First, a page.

In an article published in the July issue of Commentary magazine, the status of the family car as the all-purpose environmental scapegoat was vigorously challenged by James Q. Wilson.
If today’s activists and regulators had been around at the turn of the century, Wilson observes, the horseless carriage might never have seen production. Environmentalists, energy conservation advocates, big-city lobbies, social critics, and safety experts would have aborted it, he contends.
And that, he suggests in “Cars and Their Enemies,” would have been tragic: not only because we would have forfeited the benefits cars and trucks have brought to our families and economy, but also because the case against the automobile is seriously flawed.
The benefits of cars, says Wilson, makes them popular even when environmental laws discourage their use. The growth in the number of cars per-capita in Western Europe, he notes, has been three times as fast as in the U.S. despite high gas prices and parking restrictions.
Activists and government planners favor transit as an alternative to cars. But, according to Wilson, the public does not. After ten years, the number of miles served by rail transit in the nation’s capital more than doubled and more than thirty stations were added . . . but proportionately fewer people use the system to get to work. And, he says, ridership forecasts used to justify new lines are routinely about three times higher than the actual number of riders they end up attracting.
While critics lambast “auto-centered” regions like California, Wilson points out that the worst highway congestion is found in cities with the best transit systems. The high densities in historically transit-dependent cities like New York and Chicago create massive tie-ups because people still prefer the convenience of cars even when good public transportation is available.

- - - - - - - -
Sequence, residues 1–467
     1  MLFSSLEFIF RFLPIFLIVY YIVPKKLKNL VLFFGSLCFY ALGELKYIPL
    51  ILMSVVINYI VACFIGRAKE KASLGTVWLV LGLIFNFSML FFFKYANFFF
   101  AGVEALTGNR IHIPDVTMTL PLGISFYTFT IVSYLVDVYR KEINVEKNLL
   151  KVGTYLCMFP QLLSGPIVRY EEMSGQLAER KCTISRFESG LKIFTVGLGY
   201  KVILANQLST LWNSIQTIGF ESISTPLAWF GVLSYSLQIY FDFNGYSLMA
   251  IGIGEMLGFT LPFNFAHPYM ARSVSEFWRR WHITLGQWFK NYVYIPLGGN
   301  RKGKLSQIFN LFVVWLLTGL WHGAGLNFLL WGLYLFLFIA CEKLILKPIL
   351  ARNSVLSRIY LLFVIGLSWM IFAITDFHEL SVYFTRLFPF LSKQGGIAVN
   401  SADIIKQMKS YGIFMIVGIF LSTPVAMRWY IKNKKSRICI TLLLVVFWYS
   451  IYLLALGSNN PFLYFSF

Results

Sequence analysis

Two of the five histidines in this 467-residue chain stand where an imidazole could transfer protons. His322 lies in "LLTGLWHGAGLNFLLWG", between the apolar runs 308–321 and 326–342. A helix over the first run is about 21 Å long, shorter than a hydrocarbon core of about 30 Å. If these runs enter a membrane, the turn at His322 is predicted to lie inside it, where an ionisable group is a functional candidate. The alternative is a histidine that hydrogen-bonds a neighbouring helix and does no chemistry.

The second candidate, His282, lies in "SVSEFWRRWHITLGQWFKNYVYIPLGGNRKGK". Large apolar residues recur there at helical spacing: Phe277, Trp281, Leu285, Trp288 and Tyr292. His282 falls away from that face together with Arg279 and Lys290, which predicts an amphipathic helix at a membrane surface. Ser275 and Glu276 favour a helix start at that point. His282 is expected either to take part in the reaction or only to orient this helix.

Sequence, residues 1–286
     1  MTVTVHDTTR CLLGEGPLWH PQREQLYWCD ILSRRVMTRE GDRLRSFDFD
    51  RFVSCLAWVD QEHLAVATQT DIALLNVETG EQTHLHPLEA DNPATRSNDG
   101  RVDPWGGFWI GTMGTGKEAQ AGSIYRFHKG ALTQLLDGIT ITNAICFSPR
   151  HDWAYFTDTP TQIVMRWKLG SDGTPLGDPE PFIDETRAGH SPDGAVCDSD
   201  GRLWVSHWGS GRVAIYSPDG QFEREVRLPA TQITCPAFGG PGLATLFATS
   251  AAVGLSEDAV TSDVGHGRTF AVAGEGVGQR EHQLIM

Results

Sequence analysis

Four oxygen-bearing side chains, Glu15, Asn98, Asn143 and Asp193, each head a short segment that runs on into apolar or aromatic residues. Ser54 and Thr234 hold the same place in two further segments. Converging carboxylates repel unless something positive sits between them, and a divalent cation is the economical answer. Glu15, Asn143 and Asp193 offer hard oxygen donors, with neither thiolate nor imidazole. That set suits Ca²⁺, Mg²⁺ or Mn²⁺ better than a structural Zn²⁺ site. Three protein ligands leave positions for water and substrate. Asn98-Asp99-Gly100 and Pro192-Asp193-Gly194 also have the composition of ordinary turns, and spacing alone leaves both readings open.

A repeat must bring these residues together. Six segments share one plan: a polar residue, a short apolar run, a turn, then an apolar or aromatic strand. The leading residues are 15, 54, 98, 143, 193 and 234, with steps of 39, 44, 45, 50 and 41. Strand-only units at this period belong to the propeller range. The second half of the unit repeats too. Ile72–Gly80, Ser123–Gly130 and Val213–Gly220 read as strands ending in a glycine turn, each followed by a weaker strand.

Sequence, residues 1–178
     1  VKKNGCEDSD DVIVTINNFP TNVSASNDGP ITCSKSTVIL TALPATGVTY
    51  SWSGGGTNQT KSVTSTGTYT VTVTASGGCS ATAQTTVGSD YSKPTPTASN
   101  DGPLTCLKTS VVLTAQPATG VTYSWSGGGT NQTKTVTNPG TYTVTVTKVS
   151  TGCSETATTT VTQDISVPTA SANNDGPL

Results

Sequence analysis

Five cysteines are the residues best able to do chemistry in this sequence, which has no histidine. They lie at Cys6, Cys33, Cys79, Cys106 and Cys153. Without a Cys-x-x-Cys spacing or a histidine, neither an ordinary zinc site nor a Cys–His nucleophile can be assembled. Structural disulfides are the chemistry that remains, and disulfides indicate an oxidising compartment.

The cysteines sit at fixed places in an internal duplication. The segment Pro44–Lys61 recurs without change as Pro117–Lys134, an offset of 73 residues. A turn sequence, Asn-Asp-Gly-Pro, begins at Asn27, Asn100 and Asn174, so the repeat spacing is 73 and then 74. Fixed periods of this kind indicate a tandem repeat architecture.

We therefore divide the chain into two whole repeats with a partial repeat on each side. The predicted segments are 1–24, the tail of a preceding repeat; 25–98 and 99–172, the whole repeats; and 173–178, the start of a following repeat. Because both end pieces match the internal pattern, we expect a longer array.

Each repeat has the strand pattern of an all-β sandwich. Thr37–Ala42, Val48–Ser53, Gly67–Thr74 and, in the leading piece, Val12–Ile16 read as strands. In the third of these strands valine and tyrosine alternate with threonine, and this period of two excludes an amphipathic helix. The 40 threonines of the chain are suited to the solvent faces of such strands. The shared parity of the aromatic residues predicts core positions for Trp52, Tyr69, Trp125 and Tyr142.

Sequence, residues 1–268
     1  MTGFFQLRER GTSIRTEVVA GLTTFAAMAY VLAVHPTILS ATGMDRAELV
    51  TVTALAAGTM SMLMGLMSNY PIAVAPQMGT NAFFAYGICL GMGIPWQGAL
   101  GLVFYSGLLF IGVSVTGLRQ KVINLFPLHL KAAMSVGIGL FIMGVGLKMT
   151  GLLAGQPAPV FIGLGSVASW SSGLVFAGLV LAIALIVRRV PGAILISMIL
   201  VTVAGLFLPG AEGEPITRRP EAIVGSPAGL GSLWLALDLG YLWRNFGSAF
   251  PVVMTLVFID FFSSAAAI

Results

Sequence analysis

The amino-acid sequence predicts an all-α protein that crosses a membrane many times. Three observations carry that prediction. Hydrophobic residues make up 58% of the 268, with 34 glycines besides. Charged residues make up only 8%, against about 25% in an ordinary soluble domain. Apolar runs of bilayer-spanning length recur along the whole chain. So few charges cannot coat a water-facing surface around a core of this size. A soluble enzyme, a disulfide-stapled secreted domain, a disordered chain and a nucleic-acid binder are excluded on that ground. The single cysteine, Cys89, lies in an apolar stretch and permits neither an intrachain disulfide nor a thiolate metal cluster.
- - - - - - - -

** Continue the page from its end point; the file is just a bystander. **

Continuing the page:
Efforts to get people out of their cars haven’t done much to curb air pollution, according to an EPA report Wilson cites. And as a means for appreciating our environment, he adds, you can’t beat the family car. It’s difficult to enjoy the mountains, beaches, deserts, woods, or picturesque farmland, he reminds us, if you have no way of getting to them.
Wilson concedes that the popularity of the automobile has some social cost. He recommends higher tolls to discourage people from driving downtown, especially during peak hours. Gasoline taxes might be raised, he says, and residential streets can be configured to deter through traffic.
But growth controls as a solution, he adds, may create more problems then they solve. The highly touted Urban Growth Boundary that restricts suburban growth in Portland, Oregon, has shrunk average house lot sizes, he says, while boosting home prices.
Ultimately, Wilson concludes, both cars and anti-car movements are about values. The privacy, autonomy, and speed offered by the private automobile are sought by the masses, he says. But these values are downplayed by an intellectual elite that has a disproportionate influence on public policy.
John L. Gann Jr., president of Gann Associates, consults in the area of land use regulation.
PF: For more information on the benefits of automobility, call PolicyFax at 847/202-4888 and request document #8100302 “Defending Automobility: A Critical Examination of the Environmental and Social Costs of Auto Use,” a three-page executive summary of a 1995 Reason Foundation report by Kenneth Green. Also available through PolicyFax is Loren E. Lomasky’s “Autonomy and Automobility,” a 1995 report from the Competitive Enterprise Institute, available in three parts. Request documents #8100404 (part 1, 11 pages); #81004 06 (part 2, 11 pages); and #8100407 (part 3, 9 pages).